Monday, October 08, 2007
I spent a while last night reading about Tim Bray's adventures with Erlang. Tim started investigating Erlang as a part of his "Wide Finder Project" in which he's looking for programming languages that will help accelerate common tasks on the soon-to-be-very-popular CPUs with many cores but slower clock rates.
Tim works at Sun, and so this question and project makes perfect sense in light of Sun's Niagra and T2 processors with many cores and CMT. It also makes perfect sense in light of Intel's Tera-scale computing initiative where they have demonstrated chips with 80 cores. In short, the future is going to be very, very parallel, and we had better come to terms with that.
Unfortunately, the modern multi-threaded programming paradigms are ill-equipped to take advantage of these modern processors. Most popular programming languages have the same simple threads+locks paradigm that was popularized with pthreads and Java. While this works, it doesn't work well. As with so many things in programming, the threads+locks paradigm forces programmers to remember a whole lot of crufty details, otherwise they will produce code with very subtle bugs that is very, very difficult to debug. Put another way, threads+locks is the parallel programming equivalent of manual memory management. In the same way that GC manages memory in many modern programming languages, we need an equivalent to help programmers manage parallel programming.
Erlang has many features that help it work well on multi-core systems. The language is inherently multi-threaded and concurrent and relies on threading almost down to the core (you can write non-threaded Erlang programs, but the language makes it so easy to use threading that you'd hardly want to). I have talked about Erlang before a few months ago (here and here).
So, here we have Tim Bray asking a perfectly sensible question, "What programming language is going to help us programmers exploit the soon-to-be-commonplace multi-core CPU?" Erlang is certainly a potential answer to that problem. Unfortunately, Bray decided to pick a problem for which Erlang is particularly unsuited and then compares Erlang to another programming language that optimized for the problem, albeit without any parallel programming support--Bray picked a simple web log analysis problem.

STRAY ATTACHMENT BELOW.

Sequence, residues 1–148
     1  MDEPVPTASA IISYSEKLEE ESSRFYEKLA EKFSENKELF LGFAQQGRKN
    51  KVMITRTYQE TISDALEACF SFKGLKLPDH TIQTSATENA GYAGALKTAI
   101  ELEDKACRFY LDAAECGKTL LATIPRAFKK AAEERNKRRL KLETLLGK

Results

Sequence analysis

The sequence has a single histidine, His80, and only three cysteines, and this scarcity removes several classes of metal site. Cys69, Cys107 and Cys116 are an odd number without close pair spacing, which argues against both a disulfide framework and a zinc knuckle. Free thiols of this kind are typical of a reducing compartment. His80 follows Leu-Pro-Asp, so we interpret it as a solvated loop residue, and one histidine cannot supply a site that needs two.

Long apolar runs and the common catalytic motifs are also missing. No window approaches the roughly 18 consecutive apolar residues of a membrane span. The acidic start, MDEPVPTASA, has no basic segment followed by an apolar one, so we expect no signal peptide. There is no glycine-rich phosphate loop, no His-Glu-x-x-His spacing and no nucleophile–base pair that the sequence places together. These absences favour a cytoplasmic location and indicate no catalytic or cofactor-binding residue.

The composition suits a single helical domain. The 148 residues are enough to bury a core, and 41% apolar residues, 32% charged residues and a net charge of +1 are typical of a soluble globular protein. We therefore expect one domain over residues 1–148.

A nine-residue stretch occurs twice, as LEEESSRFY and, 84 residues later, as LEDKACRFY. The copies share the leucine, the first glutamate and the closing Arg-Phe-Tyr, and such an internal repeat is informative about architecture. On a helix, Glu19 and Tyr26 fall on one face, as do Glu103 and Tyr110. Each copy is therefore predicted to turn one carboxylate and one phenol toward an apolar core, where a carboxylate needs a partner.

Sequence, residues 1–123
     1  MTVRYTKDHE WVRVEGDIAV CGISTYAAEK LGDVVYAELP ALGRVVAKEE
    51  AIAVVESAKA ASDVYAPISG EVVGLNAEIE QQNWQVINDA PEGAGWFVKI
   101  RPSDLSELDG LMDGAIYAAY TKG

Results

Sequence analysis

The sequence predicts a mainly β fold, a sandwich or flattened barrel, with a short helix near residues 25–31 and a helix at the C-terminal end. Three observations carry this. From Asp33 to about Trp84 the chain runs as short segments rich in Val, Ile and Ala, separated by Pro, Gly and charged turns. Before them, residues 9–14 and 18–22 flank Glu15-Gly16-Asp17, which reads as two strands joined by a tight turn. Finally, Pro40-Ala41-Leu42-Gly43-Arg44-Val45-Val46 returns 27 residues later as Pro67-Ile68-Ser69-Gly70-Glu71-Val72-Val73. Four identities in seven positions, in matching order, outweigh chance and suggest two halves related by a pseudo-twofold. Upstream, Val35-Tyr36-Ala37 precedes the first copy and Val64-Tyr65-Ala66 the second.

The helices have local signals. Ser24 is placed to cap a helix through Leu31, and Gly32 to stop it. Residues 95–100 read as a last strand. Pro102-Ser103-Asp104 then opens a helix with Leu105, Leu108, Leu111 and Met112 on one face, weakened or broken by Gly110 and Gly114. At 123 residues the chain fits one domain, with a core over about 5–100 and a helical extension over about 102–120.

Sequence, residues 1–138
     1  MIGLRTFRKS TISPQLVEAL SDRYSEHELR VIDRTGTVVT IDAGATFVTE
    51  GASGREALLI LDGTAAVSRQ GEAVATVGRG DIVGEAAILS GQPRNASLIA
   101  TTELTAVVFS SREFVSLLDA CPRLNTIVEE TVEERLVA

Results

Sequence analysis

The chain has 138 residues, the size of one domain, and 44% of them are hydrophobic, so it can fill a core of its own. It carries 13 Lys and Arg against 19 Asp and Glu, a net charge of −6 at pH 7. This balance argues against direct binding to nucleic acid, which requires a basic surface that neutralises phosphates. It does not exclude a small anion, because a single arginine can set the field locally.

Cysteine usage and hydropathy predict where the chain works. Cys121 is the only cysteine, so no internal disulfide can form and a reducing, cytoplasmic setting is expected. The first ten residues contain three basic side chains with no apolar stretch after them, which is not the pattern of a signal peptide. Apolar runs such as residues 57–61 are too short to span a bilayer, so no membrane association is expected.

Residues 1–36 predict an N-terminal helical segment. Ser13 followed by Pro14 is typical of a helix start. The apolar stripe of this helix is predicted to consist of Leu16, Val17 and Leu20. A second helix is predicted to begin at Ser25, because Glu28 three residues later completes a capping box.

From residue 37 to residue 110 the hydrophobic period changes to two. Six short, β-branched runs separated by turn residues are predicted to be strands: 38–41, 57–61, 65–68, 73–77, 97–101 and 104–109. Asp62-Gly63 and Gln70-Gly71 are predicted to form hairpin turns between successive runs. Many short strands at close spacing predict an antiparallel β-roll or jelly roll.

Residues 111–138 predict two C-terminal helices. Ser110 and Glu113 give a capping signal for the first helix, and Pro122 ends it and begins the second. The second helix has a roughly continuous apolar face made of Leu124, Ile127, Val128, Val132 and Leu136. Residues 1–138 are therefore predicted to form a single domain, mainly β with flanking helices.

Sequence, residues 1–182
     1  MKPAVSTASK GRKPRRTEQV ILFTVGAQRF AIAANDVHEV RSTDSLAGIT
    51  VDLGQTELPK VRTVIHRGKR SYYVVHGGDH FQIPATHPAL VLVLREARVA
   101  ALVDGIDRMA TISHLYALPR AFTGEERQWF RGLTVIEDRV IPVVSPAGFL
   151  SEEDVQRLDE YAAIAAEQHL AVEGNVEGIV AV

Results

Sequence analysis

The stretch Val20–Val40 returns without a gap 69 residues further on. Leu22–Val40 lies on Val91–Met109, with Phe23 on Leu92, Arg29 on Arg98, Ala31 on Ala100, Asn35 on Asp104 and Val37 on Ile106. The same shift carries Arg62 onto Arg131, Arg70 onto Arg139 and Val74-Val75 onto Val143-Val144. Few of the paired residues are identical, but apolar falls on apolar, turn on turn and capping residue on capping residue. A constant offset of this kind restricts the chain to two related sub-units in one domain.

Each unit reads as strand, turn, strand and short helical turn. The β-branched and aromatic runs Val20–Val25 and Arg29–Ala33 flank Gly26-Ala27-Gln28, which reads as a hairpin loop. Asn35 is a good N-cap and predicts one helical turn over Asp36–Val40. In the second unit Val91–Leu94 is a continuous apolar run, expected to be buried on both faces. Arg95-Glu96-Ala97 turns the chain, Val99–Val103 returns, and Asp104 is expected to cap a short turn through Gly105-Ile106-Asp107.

The web log analysis problem is one that is well suited to Perl, Python, or Ruby. One might even say that these languages were virtually created to solve problems in this exact domain. If Perl does anything really well, it processes text with regular expressions. Python is a bit more clunky than Perl or Ruby in terms of regex syntax, but still does quite well. Ruby was created to solve many of the same problems as Perl, but with a better object model and saner syntax (IHMO).
Erlang, on the other hand, was created to develop 24x7x365, long-running telecom software. This is stuff that aims to have downtimes measured in a handful of minutes per year and that must be able to be upgraded on the fly and recover from any faults or failures. In short, Erlang aims to help programmers write code that can take a bullet to the head, recover, and keep on doing its thing, later allowing the programmer to find the fault, fix it, and upgrade the system, all while staying up and doing its thing. This is a hugely complex task, I can assure you. And Erlang conquers it in fairly good fashion.
So, when Bray decides to try Erlang on this problem, he naturally finds that it blows chunks. His first attempt doesn't even attempt to use any Erlang threading features, which of course defeats the whole reason for the investigation in the first place. Knowing enough about Erlang to be dangerous, I found myself saying, "Well, duh! Why did you expect that to get great performance?"
Overall, I'm getting pretty tired about these simplistic comparisons that people do between programming languages. It always feels like they're an elaborate sort of "gotcha." Step 1, pick a task that runs particularly well on the evaluator's most familiar language (Bray picks web log analysis, which runs quite well in Ruby, his choice language). Step 2, pick a victim language. When the victim language doesn't measure up, yell "WTF?!?! [insert language] sucks." Now, in truth, Bray didn't do that last part, but you have seen the pattern other times, I'm sure (witness the number of people that list the Computer Language Shootout as justification for almost anything).
What would have made a better comparison is writing a multi-threaded web server in both Erlang and Ruby and see which server is able to deliver the best performance to 10,000 active clients with widely varying download speeds. I'd be willing to bet that Erlang does a better job. No, I wouldn't even suggest writing a 24x7x365 telecom switch in Ruby; as fine as Ruby is, Erlang would win that hands down.
So, rather than making languages do stupid tricks as the basis of comparison, let's acknowledge that there is something that we can learn from just about every language. The fact is, all languages optimize for particular problem domains and I don't think that a universal programming language exists that would perform well on all tasks. Bray rapidly found out that Erlang isn't optimized for doing line-oriented I/O and it's regex library sucks. So what? While those problems could be eliminated from Erlang, the fact that Ericsson has deployed large telecom gear without having to fix those issues means that Erlang is ideally suited to its original programming domain.